A year after the opening of Florence’s most popular market space, Mercato Centrale Firenze, The Florentine, always happy to spend time in a place brimming with food, life and laughter, had a chat with the man behind the market. Restaurateur of Alle Murate and Caffè Italiano, Umberto Montano is no stranger to the world of food. His mission at Mercato Centrale Firenze is simple: to bring the finest food artisans to the people, wherever they come from.
photos by Giovanni GiustiHelen Farrell: How did the idea for Mercato Centrale Firenze come about? Was it the container—the old first floor of the market—or the contents that acted as the spark?
Umberto Montano: An old, almost illiterate, uncle of mine—a great philosopher in my opinion—once said, ‘A stone stands for little if it has no soul.’ So, it’s not the container that acts as the basis for projects but the content. That’s not to say that the container doesn’t intensify the value of the project—a place like the Mercato Centrale benefits from the history of its building. The idea itself is to give ever more identity to the extraordinary patrimony of Italian food culture—a task that allows one to understand that it’s not just a turn of phrase to say that Italian food is the best in the world: it is reality. The reason why this market is a good idea is that, at the end of the day, it’s done something obvious: giving a space to the artisan, the star of Italian food at its very best. There’s the baker, the fishmonger, those who work with cured meats and mozzarella di bufala; here, we produce everything that we serve. It’s nothing out of the ordinary. The only thing was bringing everyone together and giving them an identity.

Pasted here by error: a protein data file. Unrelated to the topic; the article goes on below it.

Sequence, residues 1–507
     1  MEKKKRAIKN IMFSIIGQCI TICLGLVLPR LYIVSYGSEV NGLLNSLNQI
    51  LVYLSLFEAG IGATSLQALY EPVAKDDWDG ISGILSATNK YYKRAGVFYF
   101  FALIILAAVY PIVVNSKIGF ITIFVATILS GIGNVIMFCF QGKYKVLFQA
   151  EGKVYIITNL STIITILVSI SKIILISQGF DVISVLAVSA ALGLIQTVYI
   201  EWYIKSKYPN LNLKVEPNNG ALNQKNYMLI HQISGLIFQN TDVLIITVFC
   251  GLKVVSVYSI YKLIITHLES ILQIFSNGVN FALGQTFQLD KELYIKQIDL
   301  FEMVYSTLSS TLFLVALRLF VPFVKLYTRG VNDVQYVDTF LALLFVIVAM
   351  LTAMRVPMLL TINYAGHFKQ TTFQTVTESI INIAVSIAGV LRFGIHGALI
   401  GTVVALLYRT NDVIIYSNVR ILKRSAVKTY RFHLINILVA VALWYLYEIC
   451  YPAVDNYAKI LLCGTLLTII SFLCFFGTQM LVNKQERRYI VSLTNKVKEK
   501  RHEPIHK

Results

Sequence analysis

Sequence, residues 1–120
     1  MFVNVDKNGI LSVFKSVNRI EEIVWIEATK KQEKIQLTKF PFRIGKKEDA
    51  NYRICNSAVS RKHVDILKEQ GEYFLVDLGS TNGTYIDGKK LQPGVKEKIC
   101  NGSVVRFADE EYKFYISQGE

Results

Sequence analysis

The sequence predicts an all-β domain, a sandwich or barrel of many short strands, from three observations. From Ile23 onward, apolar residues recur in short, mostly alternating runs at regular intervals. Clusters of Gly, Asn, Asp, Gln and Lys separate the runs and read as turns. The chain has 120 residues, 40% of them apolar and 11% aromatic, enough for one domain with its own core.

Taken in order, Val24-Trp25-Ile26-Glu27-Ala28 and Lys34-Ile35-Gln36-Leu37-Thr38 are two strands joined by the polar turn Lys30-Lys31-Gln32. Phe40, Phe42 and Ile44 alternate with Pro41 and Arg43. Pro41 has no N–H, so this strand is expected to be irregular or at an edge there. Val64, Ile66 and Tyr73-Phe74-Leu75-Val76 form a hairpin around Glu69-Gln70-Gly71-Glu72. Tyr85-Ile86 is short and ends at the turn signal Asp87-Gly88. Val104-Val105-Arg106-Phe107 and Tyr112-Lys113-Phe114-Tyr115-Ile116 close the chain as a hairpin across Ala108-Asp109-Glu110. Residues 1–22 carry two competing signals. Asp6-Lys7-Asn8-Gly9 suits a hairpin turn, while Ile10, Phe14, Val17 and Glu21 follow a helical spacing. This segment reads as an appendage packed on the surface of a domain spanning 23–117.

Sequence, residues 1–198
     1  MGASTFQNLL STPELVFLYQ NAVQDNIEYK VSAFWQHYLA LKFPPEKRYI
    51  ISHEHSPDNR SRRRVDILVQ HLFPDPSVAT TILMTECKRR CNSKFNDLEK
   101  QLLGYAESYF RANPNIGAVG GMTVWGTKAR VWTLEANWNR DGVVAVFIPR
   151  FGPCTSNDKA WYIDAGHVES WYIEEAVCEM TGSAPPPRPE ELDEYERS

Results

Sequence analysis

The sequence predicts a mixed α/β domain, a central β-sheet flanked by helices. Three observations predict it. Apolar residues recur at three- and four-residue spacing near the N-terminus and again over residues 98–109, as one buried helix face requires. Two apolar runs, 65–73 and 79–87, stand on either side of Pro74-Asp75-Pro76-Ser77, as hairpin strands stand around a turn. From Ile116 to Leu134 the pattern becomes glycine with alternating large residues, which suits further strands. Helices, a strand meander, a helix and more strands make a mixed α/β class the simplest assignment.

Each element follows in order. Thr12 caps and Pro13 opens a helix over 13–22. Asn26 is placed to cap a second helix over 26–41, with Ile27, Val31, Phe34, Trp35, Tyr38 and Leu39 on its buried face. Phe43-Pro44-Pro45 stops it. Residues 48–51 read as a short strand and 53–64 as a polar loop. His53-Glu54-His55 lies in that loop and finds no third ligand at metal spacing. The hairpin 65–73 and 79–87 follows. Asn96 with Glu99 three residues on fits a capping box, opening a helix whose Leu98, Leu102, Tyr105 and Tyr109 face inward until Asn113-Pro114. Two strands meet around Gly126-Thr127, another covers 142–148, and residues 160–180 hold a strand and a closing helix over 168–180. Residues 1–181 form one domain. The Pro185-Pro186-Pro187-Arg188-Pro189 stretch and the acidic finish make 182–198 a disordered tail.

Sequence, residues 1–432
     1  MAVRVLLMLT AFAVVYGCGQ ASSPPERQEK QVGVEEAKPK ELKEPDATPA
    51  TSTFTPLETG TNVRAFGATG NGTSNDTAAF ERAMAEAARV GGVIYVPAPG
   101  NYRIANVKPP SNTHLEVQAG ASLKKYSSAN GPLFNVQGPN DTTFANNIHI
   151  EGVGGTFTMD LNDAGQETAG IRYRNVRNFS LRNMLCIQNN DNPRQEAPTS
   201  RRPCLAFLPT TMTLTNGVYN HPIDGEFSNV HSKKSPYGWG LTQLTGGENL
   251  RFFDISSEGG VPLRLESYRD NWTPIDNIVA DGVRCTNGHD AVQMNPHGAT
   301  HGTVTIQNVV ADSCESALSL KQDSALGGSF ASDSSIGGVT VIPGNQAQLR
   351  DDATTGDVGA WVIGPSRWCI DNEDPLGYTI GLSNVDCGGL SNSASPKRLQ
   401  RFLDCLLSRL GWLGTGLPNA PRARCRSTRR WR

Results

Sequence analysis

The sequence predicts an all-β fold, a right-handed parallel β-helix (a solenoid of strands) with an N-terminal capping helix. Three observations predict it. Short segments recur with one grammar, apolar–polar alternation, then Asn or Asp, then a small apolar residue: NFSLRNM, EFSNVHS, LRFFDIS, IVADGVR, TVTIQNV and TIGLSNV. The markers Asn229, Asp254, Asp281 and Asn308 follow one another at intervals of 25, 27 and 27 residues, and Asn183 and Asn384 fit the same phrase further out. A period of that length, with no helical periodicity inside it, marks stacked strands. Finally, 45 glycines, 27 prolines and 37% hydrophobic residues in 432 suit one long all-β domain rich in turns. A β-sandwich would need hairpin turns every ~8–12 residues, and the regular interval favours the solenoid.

HF: Was that the hardest part? Bringing all of those individuals together under one roof?
UM: You can’t put just any people together in a project like this. We had to bring together people who are the best at what they do and who thrive on learning from one another. We had to make the right selection.
HF: MCF is a terminal of goodness right in the centre of the city. What impact do you think the new space has had on Florence’s image?
UM: ‘A terminal of goodness’ is a great way of describing it! The impact has been extraordinary in my opinion; I don’t say that to gloat. Even the city’s authorities acknowledge MCF’s success. The mayor, Dario Nardella, has been involved in the project since its infancy as he was the councillor of productive activities back when I applied for the public tender for the space. So he’s pleased to see the project come to fruition in the way that it has.
HF: What’s the secret behind the success?
UM: I think we’ve struck a chord among the public. We’re helping to define what good food is all about. We combine the idea of artisanal food with a culture of communication, which explains in the simplest terms the differences between ‘00’ flour and ‘0’ flour, and that bread can be made using brewer’s yeast as well as other kinds of yeast. These little bits of information spread a culture of quality food and awareness. Then there are the figures: in the first year of MCF, about 1.9 million people have walked through our doors—that’s more than the Uffizi. People thought the market had been abandoned and now it’s come back to vibrant life.
HF: What’s next for Mercato Centrale Firenze?
UM: We want to keep improving. In a wide-ranging project like ours, more care and attention need to be taken all the time both for the public and about the products. Better, more attentive, more receptive to feedback: that’s the future of Mercato Centrale Firenze.